In every male dominated scene there are always a few females who run alongside the boys. Some folks like to front like these chicks are just skipping along with the crowd, but the chicks who can hold their own keep up with the pack and sprint full speed ahead, forging their own singular paths to success. In the graffiti world, one of these birds is artist and graphic designer Andrea von Bujdoss, aka Queen Andrea, a native New Yorker who came up alongside some of the city’s legends and greats.
I first saw Queen Andrea‘s talent 16 years ago in a high school cafeteria in The Bronx, as she flipped me through her latest flics – extremely colorful and vibrantly painted graffiti murals on sides of buildings like I saw every day from the elevated subway. At the time, I knew a bunch of guys who “wrote,” and certainly left their mark with hundreds if not thousands of throwies and fill-ins all over the city, and she totally caught me off guard. Her work was bigger and better than anything they’d ever done and the realest deal I’d ever seen.
Fast forward a decade and the Parsons School of Design graduate has parlayed her skills in precise lettering and explosive use of color across many forms of art and media, from curating art shows across the city to designing toys for Kid Robot, contributing art to Missbehave and Art Direction at Mass Appeal Magazine, and designing limited edition footwear for Osiris and Etnies.
Check out the fresh update of her website Superfreshdesign.com.
What woman, besides your mom or grandmother, do you find inspirational?
Marilyn Monroe because she was such an enigmatic bombshell. Her combination of sassy, smart, swag and determination is inspiring. She was a natural talent. These days, so many people are trying to be famous or be internet superstars, so it’s refreshing to remember raw talent and ambition which transcends self-promotion and twitter-style self aggrandizing! Also, her fuller figure made her look like a real woman, it’s unfortunate how the model industry is distorting healthy female body images. And I love her quotes… “Good girls rarely make history” and “If I’d observed all the rules, I’d never have got anywhere”…
How did you get your start?
My passion for graffiti art was sparked when I was a pre-teen growing up in downtown Manhattan. I became determined to try and master lettering and have my own style. At that time in the early 90’s there was so much inspiring underground culture happening downtown, and the graffiti scene pre-Guliani was alive and well. Many things attracted me to graffiti, the rebellious energy, the humor, the subversiveness, the secret societies of graffiti crews and of course the mastery of lettering, color, characters and can control. I’ve definitely paid my dues at this point, having practiced in countless blackbooks, perfecting handstyles, painting on walls and large-scale productions, and maintaining crew loyalty and respect. My graffiti art developed into complex letter studies on canvas, and then I expanded that visual vocabulary by adding design, signpainter lettering, characters, illustrative motifs and larger themes. My current artwork is further explorations of lettering, design and cartooning highlighted by my signature bold color palette and fluorescents.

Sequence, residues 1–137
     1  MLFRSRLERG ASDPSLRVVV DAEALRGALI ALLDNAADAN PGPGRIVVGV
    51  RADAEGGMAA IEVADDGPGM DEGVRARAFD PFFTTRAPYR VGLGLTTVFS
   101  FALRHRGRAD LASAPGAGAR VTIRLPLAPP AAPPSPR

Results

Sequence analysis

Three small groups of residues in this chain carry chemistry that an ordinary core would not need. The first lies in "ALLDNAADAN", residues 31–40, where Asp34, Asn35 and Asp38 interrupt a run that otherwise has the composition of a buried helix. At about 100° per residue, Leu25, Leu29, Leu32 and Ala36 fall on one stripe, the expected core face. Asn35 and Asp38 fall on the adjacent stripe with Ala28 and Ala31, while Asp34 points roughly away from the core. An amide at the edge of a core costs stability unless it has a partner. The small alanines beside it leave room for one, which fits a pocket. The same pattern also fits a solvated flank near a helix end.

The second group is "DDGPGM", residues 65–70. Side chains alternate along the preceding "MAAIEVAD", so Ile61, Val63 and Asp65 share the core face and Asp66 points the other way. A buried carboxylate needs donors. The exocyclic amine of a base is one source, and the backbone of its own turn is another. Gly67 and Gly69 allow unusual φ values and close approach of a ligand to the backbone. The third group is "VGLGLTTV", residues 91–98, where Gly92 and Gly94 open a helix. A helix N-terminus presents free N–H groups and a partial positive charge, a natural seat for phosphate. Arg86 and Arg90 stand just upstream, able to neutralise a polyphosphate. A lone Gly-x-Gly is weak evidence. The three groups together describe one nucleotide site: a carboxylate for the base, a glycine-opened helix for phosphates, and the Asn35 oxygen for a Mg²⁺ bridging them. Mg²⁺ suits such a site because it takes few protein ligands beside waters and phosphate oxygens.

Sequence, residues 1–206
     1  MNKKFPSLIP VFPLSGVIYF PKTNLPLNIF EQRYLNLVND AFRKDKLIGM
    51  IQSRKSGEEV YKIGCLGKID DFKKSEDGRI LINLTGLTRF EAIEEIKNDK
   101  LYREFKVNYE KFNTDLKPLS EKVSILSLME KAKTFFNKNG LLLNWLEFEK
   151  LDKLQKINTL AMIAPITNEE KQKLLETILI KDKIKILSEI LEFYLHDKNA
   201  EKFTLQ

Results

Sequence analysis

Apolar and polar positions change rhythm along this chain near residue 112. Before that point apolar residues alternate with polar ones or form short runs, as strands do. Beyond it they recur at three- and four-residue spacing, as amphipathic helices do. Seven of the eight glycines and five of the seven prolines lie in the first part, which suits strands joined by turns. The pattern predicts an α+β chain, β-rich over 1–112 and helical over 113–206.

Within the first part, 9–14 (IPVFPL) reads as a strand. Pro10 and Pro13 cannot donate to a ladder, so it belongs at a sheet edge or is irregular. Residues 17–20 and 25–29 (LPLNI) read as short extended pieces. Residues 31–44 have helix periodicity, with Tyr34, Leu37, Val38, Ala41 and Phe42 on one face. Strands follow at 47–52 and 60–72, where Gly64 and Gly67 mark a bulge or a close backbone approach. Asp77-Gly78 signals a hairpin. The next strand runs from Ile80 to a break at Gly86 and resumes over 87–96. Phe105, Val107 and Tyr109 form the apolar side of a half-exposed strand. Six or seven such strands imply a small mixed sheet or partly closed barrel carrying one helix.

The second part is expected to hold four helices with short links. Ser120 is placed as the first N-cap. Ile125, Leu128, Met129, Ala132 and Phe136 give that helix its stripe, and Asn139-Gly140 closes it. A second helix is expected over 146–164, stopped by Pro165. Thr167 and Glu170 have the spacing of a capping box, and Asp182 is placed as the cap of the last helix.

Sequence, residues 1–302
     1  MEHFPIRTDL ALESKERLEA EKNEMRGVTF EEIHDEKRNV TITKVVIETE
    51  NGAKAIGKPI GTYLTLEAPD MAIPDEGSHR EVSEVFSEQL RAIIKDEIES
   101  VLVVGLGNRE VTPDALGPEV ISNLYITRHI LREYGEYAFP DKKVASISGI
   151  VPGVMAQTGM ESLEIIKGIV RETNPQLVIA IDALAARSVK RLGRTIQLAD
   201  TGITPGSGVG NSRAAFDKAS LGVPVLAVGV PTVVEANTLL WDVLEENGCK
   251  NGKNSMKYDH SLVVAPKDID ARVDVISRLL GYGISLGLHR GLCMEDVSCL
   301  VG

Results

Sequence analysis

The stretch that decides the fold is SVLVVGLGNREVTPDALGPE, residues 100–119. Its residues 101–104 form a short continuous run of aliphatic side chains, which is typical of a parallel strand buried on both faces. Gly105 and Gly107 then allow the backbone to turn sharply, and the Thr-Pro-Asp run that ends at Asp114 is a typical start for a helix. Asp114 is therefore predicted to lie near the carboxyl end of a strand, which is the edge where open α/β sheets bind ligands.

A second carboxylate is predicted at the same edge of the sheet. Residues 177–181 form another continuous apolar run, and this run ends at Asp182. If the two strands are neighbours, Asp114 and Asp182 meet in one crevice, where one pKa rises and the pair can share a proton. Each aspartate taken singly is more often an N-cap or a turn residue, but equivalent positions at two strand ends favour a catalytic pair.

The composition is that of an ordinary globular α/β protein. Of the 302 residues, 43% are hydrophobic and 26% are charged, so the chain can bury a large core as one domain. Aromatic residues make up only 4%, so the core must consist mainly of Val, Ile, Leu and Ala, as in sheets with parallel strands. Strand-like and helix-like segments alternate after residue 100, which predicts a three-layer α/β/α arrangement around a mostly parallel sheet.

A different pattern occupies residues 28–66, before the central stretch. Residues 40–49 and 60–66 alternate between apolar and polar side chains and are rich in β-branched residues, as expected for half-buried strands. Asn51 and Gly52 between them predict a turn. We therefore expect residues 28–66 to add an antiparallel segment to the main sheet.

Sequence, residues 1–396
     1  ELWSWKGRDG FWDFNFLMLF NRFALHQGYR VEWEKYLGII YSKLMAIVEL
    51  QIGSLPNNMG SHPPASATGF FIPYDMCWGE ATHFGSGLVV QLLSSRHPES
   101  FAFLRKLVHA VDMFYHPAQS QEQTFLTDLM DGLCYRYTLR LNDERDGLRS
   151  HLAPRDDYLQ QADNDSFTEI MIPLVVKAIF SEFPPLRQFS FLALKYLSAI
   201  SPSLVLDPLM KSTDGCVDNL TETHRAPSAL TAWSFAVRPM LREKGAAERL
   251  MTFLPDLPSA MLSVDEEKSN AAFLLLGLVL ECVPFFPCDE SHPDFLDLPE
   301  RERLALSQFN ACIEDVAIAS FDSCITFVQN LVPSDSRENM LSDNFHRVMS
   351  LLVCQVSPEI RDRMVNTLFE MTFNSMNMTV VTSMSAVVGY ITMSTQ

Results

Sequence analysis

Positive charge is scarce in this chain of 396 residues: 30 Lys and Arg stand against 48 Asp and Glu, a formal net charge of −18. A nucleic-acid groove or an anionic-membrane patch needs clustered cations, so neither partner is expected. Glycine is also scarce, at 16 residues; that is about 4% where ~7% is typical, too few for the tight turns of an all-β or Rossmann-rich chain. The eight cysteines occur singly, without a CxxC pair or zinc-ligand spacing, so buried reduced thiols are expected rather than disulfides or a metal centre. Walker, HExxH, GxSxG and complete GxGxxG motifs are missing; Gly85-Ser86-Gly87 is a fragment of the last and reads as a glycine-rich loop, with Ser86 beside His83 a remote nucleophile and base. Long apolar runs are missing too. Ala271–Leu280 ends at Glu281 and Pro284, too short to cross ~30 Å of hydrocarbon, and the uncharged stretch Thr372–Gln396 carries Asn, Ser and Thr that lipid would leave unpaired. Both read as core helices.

My career in Graphic Design started after I graduated from Parsons as a young adult and it’s been going strong ever since. I’m a passionate and versatile designer. Typography, design and graffiti have similar roots and I’ve been lucky enough to have some clients who appreciate an urban aesthetic. Because I fiendishly practiced graffiti letters as a teenager, my hand-lettering game is tight, and I’m often commissioned for custom lettering from corporate clients/brands. One of my pivotal professional accomplishments was when I was the sole Art Director/Designer for Mass Appeal magazine for 2 years. Mass Appeal was an amazing work experience because I was steeped in urban culture, and collaborating with incredible editors, photographers and artists. Nowadays I keep my skillset diverse, so during any given week I’m working on varied projects including illustration, lettering, websites, brand identity/logos, and of course painting.
What’s your favorite piece of art (and or graphic) that you’ve created?
One of my recent limited edition screenprints that says in bold, futuristic lettering, “Now or Never, All Or Nothin’, Fresh to Death” is a favorite. I enjoy art with direct and bad ass verbal messages. Another signpainter lettering style work from my recent art show called “Hot Shit, Fame Game” is a favorite.
Who do you want to work with?
There are so many artists I admire. I’d love to collabo with Mr. Cartoon, I love his flavor and I’m a cholo script/gang lettering junkie. The design duo Morning Breath is amazing. Also Hydro74, Shepard Fairey, Siloette, Fafi, Ewok. For brand collabos, Nike, Adidas, Alife… it’s a long list. I’ve been lucky enough to have collabos with Etnies, Osiris, Missbehave magazine, Rayban, JanSport and Kid Robot under my belt so far.
What part of painting (and or graphic design) is the most challenging and do you dislike the most?
I really love what I do and feel lucky to have a strong work ethic, but the deadlines can be unreal and insane. If I’m not getting hefty freelance/brand collaboration assignments, I’m trying to out-do myself artistically, creating larger and more ambitious works. So the deadlines and heavy workloads are not-stop. You’ve gotta love it though, if you don’t challenge yourself to produce and set big goals, you can’t accomplish as much. Most of all, for me, consistently pushing myself creatively is the most rewarding challenge. The all-nighters can be gruelling but definitely worth it 😉
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